“Using the evolutionary process in a bioengineering lab is historically a very inefficient endeavor because you have to constantly move DNA into and out of cells,” explains Liu, an assistant professor in biomedical engineering. “This is because high mutation rates, necessary to create enough diversity to find new function on laboratory timescales, are only available in a test tube. High mutation rates are not available inside cells. In fact, organismal mutation rates must be kept extremely low because modern organisms have large complex genomes that are easily broken by high mutation rates.”

The parallel replication system designed by Liu can be made highly error-prone without hurting the genome, and any gene encoded on the new system will undergo rapid evolution. “Genes of interest placed in the fast lane can potentially evolve thousands to millions of times faster than they would if they were encoded in the genome, or the slow lane,” says Liu.

Dr. Arash Kheradvar holds a model of a heart valve used in his research to advance cardiovascular science. Feb 7, 2014
The Children’s Heart Foundation and American Heart Association Sponsor Two Cardiovascular Science Projects in Biomedical Engineering

Dr. Arash Kheradvar, an associate professor of biomedical engineering, has received two prestigious grants to advance research and development in cardiovascular science.

The Children’s Heart Foundation has awarded Kheradvar $200,000 over two years to support a hybrid tissue-engineered heart valve. Kheradvar and his research team are developing a patient-specific heart valve prosthesis with self-regenerating capacity. “This approach to engineering heart valves holds promise for combining the mechanical valves’ long-term durability advantages with biological valves’ self-regenerating capacity and improved biocompatibility and hemodynamics,” explains Kheradvar, a Fellow of the American Heart Association.

Kheradvar has also received a Grant-in-Aid from the American Heart Association to study patients with right-sided heart failure, using UC Irvine’s state-of-the-art 4-D-flow echocardiography technology. Despite the fact that right-sided heart failure may carry a worse prognosis than left-sided heart failure, almost no quantitative information is available on flow patterns inside the right ventricle. The main reasons for this lack of knowledge are the highly 3-D flow within the right side of the heart, and the inability of current imaging modalities to quantitatively map such 3-D blood flow patterns.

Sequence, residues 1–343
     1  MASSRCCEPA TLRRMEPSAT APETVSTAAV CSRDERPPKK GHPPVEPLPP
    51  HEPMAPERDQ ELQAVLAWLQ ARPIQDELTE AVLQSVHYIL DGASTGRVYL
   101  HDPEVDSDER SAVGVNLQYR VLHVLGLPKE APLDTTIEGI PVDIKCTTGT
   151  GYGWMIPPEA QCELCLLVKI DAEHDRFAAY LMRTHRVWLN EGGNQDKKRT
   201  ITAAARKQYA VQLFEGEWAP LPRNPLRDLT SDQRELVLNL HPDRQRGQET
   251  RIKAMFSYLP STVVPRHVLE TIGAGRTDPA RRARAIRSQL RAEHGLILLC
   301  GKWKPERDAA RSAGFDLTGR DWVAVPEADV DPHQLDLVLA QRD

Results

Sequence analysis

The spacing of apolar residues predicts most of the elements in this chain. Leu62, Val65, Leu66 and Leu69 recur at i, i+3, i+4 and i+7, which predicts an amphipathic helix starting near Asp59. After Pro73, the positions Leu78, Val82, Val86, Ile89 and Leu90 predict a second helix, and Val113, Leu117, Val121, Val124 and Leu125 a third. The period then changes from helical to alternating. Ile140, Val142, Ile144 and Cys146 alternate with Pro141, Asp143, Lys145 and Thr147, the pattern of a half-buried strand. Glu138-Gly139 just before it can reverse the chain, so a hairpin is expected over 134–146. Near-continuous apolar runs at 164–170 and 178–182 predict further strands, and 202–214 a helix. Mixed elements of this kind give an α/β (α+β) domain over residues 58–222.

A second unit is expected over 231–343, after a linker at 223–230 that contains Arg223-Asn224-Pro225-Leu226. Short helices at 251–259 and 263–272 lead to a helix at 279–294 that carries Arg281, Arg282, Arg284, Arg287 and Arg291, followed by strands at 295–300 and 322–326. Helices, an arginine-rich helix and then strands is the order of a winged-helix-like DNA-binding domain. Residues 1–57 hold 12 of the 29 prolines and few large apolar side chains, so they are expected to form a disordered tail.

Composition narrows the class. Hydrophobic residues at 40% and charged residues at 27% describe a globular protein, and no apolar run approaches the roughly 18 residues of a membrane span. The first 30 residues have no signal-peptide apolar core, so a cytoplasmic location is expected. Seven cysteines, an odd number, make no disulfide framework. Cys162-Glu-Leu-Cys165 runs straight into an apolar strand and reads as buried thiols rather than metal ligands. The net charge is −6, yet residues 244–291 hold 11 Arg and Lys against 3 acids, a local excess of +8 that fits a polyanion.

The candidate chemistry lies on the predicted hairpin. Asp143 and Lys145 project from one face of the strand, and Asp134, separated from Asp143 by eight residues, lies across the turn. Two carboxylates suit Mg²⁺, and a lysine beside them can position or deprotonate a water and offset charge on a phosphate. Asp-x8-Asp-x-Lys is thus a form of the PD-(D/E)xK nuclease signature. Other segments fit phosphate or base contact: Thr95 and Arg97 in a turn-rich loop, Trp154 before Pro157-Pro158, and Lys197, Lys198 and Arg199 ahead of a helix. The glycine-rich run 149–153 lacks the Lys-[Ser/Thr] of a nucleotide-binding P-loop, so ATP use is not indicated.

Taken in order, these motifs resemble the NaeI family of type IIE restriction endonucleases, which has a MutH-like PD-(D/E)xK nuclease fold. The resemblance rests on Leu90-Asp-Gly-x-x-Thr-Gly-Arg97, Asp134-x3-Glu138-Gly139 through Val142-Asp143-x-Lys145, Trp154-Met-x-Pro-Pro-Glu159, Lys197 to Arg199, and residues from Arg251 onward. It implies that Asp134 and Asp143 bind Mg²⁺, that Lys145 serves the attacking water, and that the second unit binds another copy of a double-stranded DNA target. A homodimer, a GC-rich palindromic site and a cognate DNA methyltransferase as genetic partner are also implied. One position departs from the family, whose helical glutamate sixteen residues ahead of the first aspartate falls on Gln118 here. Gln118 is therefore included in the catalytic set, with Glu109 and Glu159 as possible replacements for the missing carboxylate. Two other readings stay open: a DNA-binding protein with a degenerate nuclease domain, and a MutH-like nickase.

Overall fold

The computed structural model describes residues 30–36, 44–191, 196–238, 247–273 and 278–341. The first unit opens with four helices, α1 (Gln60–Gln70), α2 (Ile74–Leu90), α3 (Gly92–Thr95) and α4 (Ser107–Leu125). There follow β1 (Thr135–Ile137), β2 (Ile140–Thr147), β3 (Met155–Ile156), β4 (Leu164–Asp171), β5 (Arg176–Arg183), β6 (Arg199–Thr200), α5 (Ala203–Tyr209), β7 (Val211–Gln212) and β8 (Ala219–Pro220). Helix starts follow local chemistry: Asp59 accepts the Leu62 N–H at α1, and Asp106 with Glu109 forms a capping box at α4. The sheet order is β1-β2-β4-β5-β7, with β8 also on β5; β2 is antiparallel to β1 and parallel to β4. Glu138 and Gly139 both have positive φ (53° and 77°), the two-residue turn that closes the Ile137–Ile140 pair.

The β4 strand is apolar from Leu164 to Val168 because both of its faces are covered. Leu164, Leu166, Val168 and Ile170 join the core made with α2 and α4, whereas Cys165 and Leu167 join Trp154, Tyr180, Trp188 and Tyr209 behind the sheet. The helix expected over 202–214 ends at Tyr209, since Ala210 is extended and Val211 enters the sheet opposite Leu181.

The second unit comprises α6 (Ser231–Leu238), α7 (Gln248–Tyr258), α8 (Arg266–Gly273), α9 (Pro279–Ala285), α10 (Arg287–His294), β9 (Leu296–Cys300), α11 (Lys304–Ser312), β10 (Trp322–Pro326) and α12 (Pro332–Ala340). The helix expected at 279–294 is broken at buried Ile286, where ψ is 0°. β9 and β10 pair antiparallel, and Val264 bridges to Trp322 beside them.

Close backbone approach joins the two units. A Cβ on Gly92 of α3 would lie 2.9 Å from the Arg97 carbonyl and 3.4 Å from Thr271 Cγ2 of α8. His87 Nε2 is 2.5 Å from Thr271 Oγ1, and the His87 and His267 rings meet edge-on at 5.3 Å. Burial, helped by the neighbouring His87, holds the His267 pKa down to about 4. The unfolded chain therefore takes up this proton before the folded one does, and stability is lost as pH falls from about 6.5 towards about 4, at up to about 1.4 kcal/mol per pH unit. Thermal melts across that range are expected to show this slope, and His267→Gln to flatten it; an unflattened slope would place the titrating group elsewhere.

“This study should help us better understand the blood flow features in failing right hearts and devise more efficient therapies for these patients,” says Kheradvar.

Michelle Digman angles a laser beam into a special microscope to excite the flourescent molecules in tissue Jan 31, 2014
Biomedical Engineer Receives Grant from Allergan

Allergan has awarded Michelle Digman a $787,000 grant to study how a subunit of botulinum neuro-toxin affects cells and tissue on a molecular level. An assistant professor of biomedical engineering, Digman’s research expertise involves using optical microscopy tools to track molecules and microscopic particles in living cells and tissues. She is a co-investigator of UC Irvine’s Laboratory for Fluorescence Dynamics, an NIH Biotechnology Resource for the development of fluorescence microscopy.

With this grant, she will be using fluorescent imaging to track the transport and diffusion of the toxin in living cells, to better understand any biochemical and physiological changes that occur. She will also study metabolic changes in tissue at the point of injection.

“Botulinum neuro-toxin is used in a variety of clinical treatments including neuromuscular diseases, epilepsy and pain-related illnesses,” says Digman. “This study is important on a clinical level and will provide valuable information in the development of future therapies for pain-related disorders.”

water jet cart testing Dec 20, 2013
Fall Design Review Showcases Senior Design Projects